ISLAMABAD - The extensive environmental surveillance established by Pakistan Polio Eradication programme has detected poliovirus in sewage of eight populous cities during the last month.

A statement issued by Ministry of National Health Services (NHS) said that according to results shared by the National Emergency Operations Centre (NEOC), the presence of poliovirus was confirmed in sewage samples collected from Karachi, Peshawar, Bannu, Lahore, Rawalpindi, Killa Abdullah, Pishin and Quetta during December 2018.

Considering the associated risks, the country programme has urged parents to ensure immunisation of all children under the age of 5 years during the upcoming polio campaign scheduled to start from 21st January.

“Our case counts are declining but as long as the virus is present anywhere in the country, threat of polio remains for the vulnerable children. Continuous population movements to and from these infected cities pose a risk to children elsewhere as well,” said Dr Rana Safdar, programme manager NEOC.

While acknowledging progress already made towards the noble cause, the recently-concluded Technical Advisor Group urged the programme to focus on children who miss vaccination because of any reason and let the virus survives no longer. Dr Safdar said that in order to completely eradicate polio, vaccinating all children against all preventable diseases including polio was imperative both in routine and in special door-to-door campaigns. Babar Bin Atta, Prime Minister’s Focal Person on Polio Eradication, said the misconception of a caregiver led to paralysis of another child in Bajaur tribal district of Khyber-Pakhtunkhwa, who had every right to live healthy and productive life. It is a reminder to everyone that no excuse could save your child from paralysis, especially if the child is not repeatedly vaccinated.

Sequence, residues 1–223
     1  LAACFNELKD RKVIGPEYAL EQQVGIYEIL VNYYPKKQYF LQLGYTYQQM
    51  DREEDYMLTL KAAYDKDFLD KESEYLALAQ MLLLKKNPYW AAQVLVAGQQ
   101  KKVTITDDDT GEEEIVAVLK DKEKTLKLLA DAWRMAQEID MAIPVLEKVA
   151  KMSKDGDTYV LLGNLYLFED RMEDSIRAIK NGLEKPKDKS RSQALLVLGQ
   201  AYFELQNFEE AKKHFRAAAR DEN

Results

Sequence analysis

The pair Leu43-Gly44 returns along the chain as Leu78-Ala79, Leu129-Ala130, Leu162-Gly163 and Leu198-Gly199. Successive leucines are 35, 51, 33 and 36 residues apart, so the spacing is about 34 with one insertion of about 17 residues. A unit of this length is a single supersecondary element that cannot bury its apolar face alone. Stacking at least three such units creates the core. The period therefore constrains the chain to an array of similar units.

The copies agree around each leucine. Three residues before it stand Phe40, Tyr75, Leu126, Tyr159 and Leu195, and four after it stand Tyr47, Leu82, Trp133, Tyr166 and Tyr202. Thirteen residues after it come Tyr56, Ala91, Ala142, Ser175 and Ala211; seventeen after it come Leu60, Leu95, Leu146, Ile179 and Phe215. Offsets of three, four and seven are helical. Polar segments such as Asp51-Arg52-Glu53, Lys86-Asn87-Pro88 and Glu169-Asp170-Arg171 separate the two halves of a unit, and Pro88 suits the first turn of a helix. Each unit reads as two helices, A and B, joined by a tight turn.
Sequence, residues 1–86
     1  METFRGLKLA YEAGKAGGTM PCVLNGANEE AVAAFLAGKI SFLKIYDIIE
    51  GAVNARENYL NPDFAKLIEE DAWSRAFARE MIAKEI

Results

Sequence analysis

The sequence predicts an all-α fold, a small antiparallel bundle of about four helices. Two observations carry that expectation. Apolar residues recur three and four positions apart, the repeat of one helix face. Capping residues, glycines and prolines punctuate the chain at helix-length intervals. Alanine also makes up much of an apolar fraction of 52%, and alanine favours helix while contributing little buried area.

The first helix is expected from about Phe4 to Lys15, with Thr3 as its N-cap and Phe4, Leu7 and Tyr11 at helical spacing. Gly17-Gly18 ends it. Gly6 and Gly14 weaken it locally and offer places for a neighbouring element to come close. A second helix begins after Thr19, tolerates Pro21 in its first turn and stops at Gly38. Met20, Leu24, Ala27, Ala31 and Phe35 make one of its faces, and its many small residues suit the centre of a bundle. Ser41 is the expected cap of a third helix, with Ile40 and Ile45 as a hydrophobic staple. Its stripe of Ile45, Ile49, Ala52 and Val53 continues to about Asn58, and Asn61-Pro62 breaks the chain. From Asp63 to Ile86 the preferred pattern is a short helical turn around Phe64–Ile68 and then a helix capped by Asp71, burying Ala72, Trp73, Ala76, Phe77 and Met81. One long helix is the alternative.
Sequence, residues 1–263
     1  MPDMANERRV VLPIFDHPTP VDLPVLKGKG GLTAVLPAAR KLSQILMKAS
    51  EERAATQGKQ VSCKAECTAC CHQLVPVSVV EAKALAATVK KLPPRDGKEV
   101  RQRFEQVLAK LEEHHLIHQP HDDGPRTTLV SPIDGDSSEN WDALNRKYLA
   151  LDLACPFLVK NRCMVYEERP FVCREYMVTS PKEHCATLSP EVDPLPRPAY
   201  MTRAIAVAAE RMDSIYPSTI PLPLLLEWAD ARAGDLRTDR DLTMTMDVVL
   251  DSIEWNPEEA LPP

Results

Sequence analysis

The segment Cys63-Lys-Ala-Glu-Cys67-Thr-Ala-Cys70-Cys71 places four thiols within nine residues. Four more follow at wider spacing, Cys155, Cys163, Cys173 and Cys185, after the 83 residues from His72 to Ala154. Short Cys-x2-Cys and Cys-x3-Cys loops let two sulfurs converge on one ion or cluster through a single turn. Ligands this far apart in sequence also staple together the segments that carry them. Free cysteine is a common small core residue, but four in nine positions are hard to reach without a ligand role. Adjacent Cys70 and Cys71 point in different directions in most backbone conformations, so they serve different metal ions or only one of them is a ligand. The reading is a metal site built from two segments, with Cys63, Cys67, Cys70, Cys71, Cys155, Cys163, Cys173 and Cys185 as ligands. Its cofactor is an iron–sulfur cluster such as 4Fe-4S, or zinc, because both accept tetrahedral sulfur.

“It is also more cumbersome when this paralysis is lifelong and not reversible. I can’t emphasise enough how critically important it is to ensure that each and every child is vaccinated during the upcoming polio campaign during the month of January,” he added. Sewage water samples are collected on a monthly basis from 58 sampling sites across the country under supervision of relevant provincial health departments and tested at Regional Polio Reference Laboratory housed at National Institute of Health, Islamabad. The genetic sequencing further guides the programme in undertaking requisite response activities.

“Pakistan stands the best chance of getting rid of the crippling virus forever. Every Pakistani must now assume the role of a polio worker to ensure vaccination of all children during every campaign”, Babar Bin Atta said.